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Right off the bat on Wednesday night, Keith gave us an Olby News Alert:
The White House charges taxpayers for this, an actual press release...
Can you believe it? Press releases cost money! And what's more the government actually uses tax revenues to pay for them. As opposed to, say, a donation cup outside the White House? Keith went on to dismiss the notion that the NSA phone calls were "international" rather than "domestic" as Clintonesque word parsing. Then he ran a clip of the President's speech (less than 30 seconds), adding:
A trick question. He did not say what those predecessors authorized...
A trick question? What question? Bush didn't ask a question. Nobody asked a question. But KO describes "it" (what?) as a "trick question". Maybe that's the trick: there was no question at all. Don't try to understand it. It's OlbyLogic.
There were the usual clips from Scott McClellan's press conference, featuring David Gregory who, according to Olby, "brought his A-game". And since the Democrat talking point of the day is the Katrina investigation, Olby stuck to the script and referred to White House "stonewalling" over and over. He claimed there were complaints from "members of Congress in both parties", but other than one Democrat, he didn't name any names.
Ken Bazinet, of the New York Daily News, offered the speculation that the administration is trying to cover up the fact that people were on vacation when the hurricane hit. Then KO shifted gears and asked him why Rumsfeld hadn't read a report commissioned by the Pentagon, Bazinet had to correct him, pointing out that the report wasn't out yet, only an early draft. But the newshawk made amends by delivering the money quote that Olby was waiting for:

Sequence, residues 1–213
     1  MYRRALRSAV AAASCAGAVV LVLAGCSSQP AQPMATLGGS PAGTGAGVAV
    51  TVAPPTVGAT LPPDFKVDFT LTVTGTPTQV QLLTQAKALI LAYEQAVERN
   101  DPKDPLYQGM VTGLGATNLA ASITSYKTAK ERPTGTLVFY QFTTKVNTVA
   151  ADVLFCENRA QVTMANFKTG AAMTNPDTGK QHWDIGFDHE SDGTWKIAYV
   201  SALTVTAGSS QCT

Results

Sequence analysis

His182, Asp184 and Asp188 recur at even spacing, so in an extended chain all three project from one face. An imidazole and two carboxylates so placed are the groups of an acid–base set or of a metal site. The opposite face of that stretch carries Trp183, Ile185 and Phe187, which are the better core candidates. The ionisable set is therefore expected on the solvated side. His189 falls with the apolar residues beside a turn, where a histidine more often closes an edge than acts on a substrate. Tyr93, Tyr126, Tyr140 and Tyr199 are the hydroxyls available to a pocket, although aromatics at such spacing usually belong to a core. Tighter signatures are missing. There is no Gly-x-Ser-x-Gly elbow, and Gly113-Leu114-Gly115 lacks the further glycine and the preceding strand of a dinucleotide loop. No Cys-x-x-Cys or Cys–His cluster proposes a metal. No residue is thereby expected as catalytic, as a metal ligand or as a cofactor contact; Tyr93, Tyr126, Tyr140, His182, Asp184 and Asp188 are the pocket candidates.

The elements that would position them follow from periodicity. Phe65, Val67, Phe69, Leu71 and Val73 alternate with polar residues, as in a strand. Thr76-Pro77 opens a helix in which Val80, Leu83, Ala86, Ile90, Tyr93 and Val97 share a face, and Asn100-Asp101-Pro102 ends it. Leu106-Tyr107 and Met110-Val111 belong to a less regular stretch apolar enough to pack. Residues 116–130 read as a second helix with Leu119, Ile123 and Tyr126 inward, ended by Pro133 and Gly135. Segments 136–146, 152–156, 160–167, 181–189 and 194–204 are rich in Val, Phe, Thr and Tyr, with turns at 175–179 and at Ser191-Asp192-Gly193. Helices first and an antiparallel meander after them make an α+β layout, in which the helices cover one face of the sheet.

[This administration] is trying to turn really stonewalling into an Olympic sport, and really going for the gold.
He'll be back.
Then yet another reporters-vs-McClellan clip about the difference between "domestic" and "international" (we thought Olby had covered this earlier, but there's nothing like repetition to make a spin point). KO took the press release referenced earlier and then picked it apart, line by line. It was one of those painful, supposed-to-be funny bits that makes anyone to the right of Hugo Chavez wince. Even dragging Jack Abramoff into it didn't help.
In the #4 slot was a taped piece on the dangers of mining, courtesy of NBC. #3 dealt with a family tragedy story lifted from ITV, and a strange your-son-is-dead hoax via a report by an NBC local station. Then we got a segment on iPod piracy recycled from NBC, and one on Richard Hatch going off to the pokey.
The "worst person" winners were the people at that "special interest group" Accuracy in Media. (Has KO ever referred to Media Matters as a "special interest group"?) Their offense was suggesting that Fox News may be drifting to the left. Of course Keith couldn't resist feeding his Olbsession:
One of AIM's emailers did, however, observe, "O'Reilly has really gone bonkers". So anyway, that's unanimous.
#56 and counting.
There was a dog that did not bark. A large dog. A big, big dog. So big that MSNBC was plugging it endlessly just yesterday:
Keith shows you the facts, shows you the law, so you can decide if warrantless eavesdropping on Americans is a crime. Countdown, MSNBC tomorrow at eight.
Somehow, with all the Big News about iPods, Richard Hatch, and Michael Jackson, the Great Olbermann Legal Seminar never took place. False advertising? Bait and switch? We report, you decide.